Al-Aqsa preacher: Muslims have 'exclusive right' to Jerusalem

Al-Aqsa preacher says Jerusalem will remain the key to peace and war.

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Dalit Halevi,

Al-Aqsa Mosque
Al-Aqsa Mosque
Flash 90

Tens of thousands of Muslims prayed on Friday at the Al-Aqsa Mosque in Jerusalem and listened to the sermon of Imam Ismail al-Nawadeh.

In his sermon, Nawadeh said that the city of Al-Quds (the Arabic name for Jerusalem –ed.) is the holiest place for Arabs and Muslims, and there is nothing like it in its holiness except for the cities of Mecca and Medina.

"The Jerusalem, Palestinian and Islamic awakening that we witnessed in response to the attempt to change Al-Quds's characteristics and harm it is proof of this (of the sanctity of the city)," said Nawadeh, according to the Hames-affiliated Palestine newspaper.

He stressed that the Muslims have the legal right to Al-Quds and no one has the right to give up this holy place. Nawadeh said that Al-Quds would remain "the key to war and peace."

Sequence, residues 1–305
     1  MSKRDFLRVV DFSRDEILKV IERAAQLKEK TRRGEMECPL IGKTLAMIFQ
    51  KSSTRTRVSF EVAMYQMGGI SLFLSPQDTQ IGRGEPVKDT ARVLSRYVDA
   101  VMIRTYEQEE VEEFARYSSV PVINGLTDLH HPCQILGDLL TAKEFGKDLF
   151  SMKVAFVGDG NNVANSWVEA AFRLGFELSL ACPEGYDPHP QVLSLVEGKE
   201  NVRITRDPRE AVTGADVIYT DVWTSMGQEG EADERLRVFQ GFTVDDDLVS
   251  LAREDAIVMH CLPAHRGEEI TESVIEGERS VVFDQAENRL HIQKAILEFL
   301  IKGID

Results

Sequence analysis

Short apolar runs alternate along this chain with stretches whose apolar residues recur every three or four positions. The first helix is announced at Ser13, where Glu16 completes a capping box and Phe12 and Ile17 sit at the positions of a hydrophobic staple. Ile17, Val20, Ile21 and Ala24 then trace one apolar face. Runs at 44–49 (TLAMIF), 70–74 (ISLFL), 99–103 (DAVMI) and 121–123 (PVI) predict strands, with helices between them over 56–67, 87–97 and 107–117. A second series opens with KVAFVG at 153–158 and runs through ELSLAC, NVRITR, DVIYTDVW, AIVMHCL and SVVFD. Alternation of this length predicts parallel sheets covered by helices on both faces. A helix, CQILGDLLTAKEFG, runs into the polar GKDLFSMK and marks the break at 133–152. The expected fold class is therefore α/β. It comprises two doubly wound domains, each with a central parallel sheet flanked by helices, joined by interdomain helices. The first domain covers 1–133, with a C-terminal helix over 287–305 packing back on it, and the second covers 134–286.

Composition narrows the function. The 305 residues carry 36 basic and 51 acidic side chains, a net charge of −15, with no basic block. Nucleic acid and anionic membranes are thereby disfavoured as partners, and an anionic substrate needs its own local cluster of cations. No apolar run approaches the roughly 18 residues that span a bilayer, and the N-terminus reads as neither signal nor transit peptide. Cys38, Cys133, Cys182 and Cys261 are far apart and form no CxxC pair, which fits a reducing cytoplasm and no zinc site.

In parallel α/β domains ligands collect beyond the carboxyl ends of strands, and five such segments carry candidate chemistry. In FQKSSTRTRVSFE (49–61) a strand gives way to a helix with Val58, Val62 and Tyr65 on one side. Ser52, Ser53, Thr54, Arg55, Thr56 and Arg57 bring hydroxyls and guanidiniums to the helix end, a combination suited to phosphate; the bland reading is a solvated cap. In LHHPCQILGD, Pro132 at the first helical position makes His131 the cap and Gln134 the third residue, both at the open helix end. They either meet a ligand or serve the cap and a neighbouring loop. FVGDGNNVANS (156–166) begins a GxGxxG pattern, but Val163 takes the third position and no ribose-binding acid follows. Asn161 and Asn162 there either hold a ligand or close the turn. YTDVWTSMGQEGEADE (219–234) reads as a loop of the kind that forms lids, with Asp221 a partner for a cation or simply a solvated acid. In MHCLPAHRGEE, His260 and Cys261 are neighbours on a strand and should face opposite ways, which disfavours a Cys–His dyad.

Tensions rose recently in Al-Aqsa and the Temple Mount after Israel placed magnetometers and additional security cameras around the entrances to the holy site, following a terrorist attack at the compound in which two Druze police officers were murdered.

The security measures prompted an outcry from the Palestinian Authority, the Jordanian Waqf, and the Jordanian government, which demanded a return to the status quo.

Israel subsequently reversed course and decided to remove the metal detectors and security cameras from the compound.